Cervical cancer experts warned young women today against buying DIY smear tests over the internet.
Dr Anne Szarewski, a clinical consultant at the Wolfson Institute of Preventive Medicine in London, spoke out as online pharmacy DrThom launched the kits.
She said they could lead to women under 30 being told they have the sexually-transmitted infection that causes cervical cancer when it would actually clear up on its own.
The new test detects changes in genetic material in cells affected by human papillomavirus (HPV), which causes most cases of cervical cancer.
The £115 service is being aimed at busy career women, those who find going for smear tests embarrassing or younger people who fall outside the current age group for screening on the NHS.
Women in Scotland, Wales and Northern Ireland receive NHS screening from the age of 20 but those in England are only eligible from the age of 25.
Screening ages were the subject of debate after TV star Jade Goody died last year from cervical cancer aged 27.
Dr Szarewski said: "In young people, everyone is going to test positive. The rate of HPV is high but it's transient...it comes and goes."
She said women whose results suggested something was wrong could be left feeling anxious.
"Women will be paranoid and they will not be eligible for an NHS colonoscopy.
"So, they are going to be paying a few hundred pounds more for a colonoscopy privately, which is unnecessary.
"For women under 30 I don't think there's a call for HPV testing. It's going to create a lot of worry among women."
Professor Peter Sasieni, a Cancer Research UK epidemiologist, said while the charity supported making smear tests more accessible, it could not support the DrThom test "because there is a lack of published data on how effective this would be.
"Also HPV infection in young women is extremely common and mostly harmless.
"It is not clear what proportion of women under 25 would test positive but it could exceed 15%.
"In these cases it is not clear what back-up would be provided, who would pay if DrThom recommended colposcopy (an examination by a gynaecologist) or whether GPs would know enough about the test to counsel patients.
"Given that the DrThom test will miss a proportion of women with disease who would be identified had they gone to their GP for screening, what advice would be given to women who test negative?"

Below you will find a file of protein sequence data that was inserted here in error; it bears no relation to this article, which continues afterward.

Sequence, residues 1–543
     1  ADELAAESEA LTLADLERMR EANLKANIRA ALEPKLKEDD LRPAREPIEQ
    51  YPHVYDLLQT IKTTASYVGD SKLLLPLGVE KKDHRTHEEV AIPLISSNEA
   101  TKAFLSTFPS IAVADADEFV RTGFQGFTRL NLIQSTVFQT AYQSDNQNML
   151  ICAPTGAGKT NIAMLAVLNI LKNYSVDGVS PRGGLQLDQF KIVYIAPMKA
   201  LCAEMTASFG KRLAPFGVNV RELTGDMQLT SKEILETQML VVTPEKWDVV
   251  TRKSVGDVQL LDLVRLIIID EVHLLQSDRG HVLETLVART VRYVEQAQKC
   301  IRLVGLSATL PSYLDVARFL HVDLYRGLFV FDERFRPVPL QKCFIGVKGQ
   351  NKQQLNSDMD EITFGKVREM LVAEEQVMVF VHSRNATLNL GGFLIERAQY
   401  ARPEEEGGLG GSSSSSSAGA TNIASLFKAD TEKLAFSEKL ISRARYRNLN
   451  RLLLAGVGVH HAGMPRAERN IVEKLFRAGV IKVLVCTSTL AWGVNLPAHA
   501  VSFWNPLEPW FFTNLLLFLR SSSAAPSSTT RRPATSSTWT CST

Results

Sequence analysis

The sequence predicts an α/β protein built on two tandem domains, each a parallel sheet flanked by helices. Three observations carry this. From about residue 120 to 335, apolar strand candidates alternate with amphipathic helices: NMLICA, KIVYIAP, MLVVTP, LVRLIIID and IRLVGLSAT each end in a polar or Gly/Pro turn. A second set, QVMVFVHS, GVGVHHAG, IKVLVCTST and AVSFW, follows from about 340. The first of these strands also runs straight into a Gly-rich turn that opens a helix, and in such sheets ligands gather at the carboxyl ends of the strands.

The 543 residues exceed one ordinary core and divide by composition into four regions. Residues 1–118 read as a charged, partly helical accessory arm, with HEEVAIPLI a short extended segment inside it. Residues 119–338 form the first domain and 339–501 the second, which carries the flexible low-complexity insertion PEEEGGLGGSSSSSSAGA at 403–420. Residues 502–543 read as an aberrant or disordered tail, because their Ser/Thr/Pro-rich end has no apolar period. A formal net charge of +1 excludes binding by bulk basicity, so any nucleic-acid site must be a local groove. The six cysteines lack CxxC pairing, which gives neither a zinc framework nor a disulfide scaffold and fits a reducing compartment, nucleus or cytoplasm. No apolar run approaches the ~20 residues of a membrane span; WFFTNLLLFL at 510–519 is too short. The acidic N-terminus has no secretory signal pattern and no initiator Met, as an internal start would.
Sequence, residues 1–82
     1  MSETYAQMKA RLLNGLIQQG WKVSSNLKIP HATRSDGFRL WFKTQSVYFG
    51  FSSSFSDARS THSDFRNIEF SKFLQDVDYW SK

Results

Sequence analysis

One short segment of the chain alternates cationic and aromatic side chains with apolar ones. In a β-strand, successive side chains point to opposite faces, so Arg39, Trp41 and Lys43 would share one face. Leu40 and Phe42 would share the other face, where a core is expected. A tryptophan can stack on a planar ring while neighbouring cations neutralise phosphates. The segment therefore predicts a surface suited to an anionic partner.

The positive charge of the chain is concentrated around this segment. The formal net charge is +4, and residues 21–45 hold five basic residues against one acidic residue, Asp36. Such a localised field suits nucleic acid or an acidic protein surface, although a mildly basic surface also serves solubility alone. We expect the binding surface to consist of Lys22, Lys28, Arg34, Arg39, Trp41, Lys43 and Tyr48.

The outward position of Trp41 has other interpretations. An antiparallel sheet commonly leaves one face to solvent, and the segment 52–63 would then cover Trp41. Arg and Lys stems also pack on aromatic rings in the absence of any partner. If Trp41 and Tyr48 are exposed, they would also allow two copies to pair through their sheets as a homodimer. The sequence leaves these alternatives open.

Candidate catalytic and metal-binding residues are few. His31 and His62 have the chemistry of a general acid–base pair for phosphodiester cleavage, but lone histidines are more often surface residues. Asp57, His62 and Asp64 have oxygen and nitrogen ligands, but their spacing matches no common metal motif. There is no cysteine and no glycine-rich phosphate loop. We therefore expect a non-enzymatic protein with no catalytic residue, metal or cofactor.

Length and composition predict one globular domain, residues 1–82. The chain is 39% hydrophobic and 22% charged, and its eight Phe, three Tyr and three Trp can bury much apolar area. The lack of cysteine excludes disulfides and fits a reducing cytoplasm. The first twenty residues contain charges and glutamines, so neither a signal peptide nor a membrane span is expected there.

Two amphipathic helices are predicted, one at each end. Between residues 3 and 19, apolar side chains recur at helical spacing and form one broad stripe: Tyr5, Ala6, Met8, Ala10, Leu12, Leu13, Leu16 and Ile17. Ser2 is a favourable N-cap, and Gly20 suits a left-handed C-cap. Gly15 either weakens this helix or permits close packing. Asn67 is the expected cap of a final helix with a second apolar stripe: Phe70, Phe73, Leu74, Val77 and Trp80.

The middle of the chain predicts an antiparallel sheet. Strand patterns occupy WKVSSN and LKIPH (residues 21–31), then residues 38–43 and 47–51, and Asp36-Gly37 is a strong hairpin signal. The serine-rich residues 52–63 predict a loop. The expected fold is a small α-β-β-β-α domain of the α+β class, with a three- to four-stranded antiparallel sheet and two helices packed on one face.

The one-hour test being sold by DrThom can be carried out in a woman's own home, with results usually coming back within three weeks.
It involves inserting a special tampon and wearing it for one hour to enable a "smear" of cells from the cervix to be obtained.
The test is then placed inside a secure envelope and posted to the DrThom laboratory.
Results are uploaded to a secure online patient record - created by the woman when she registers for the service - on the DrThom website.
Following the results, a woman can ask doctors for advice and guidance online or, for an extra £15, can have a telephone consultation with a GP.
According to DrThom, the test is less likely than a traditional smear test to give a 'false positive' result.
This is when a test indicates something is wrong when it is not - in this case falsely suggesting a woman has changes to her cells that need investigating.
Nick Wales, consultant gynaecologist at the Chelsea and Westminster Hospital NHS Foundation Trust in London, and one of the medical team overseeing the test service, said: "It is an invaluable addition to the detection of pre-cancerous changes of the cervix.
"We have successfully used it in those women unable to tolerate a vaginal examination.
"I believe within 10 years all cervical screening will be done this way."
Dr Thomas Van Every, medical director of the DrThom website, said: "While the scientific community works hard to improve the detection capability of the traditional smear, many women are too busy or anxious about having a smear to take part in the NHS Screening Programme in the first place.
"We hope this test will offer an alternative as well as being another avenue to help women understand the risk of cervical cancer, the importance of being screened and the availability of vaccination against it."
The launch comes after a study out last week showed home smear tests could detect many more cases of cervical cancer.
Published in the British Medical Journal (BMJ), research found self-test kits for HPV could double the number of women diagnosed.
More than 2,800 women a year in the UK are diagnosed with cervical cancer and almost 1,000 die from it every year.
Another 24,000 women get smear test results each year showing severely abnormal changes to the cells of their cervix, indicating the likelihood of cancer unless treatment is given.